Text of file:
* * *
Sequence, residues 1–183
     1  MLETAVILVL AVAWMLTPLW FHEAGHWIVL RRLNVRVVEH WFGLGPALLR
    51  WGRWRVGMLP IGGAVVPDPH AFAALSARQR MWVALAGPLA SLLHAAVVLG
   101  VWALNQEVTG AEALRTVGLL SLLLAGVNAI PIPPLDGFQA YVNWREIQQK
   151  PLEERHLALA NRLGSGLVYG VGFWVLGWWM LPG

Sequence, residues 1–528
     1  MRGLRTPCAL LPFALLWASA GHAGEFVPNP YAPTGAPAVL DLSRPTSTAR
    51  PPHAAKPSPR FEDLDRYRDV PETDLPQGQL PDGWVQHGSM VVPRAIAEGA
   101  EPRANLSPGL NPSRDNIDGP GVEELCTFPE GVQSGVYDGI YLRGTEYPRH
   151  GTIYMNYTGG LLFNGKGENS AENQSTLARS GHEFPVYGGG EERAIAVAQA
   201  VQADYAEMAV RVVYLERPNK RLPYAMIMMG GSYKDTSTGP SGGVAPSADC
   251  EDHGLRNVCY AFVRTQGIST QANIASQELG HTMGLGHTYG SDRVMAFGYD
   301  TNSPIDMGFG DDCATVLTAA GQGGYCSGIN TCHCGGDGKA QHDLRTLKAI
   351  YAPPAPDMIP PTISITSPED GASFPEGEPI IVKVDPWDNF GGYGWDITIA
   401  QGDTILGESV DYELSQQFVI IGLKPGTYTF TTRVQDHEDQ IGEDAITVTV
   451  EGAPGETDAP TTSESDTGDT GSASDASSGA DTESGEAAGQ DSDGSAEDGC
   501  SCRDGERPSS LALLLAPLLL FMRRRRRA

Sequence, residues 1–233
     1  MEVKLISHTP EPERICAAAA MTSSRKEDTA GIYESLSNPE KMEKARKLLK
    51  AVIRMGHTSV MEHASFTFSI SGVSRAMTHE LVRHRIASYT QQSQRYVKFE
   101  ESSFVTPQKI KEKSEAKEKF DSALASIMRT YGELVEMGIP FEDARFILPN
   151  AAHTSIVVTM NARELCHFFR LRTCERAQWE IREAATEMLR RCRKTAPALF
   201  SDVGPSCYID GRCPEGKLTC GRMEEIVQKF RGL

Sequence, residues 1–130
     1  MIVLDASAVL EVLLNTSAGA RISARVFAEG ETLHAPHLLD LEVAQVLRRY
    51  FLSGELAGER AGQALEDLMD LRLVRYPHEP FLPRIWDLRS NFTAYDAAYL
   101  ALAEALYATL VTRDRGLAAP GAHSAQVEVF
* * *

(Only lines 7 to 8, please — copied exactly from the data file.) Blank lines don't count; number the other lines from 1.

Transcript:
     1  MRGLRTPCAL LPFALLWASA GHAGEFVPNP YAPTGAPAVL DLSRPTSTAR
    51  PPHAAKPSPR FEDLDRYRDV PETDLPQGQL PDGWVQHGSM VVPRAIAEGA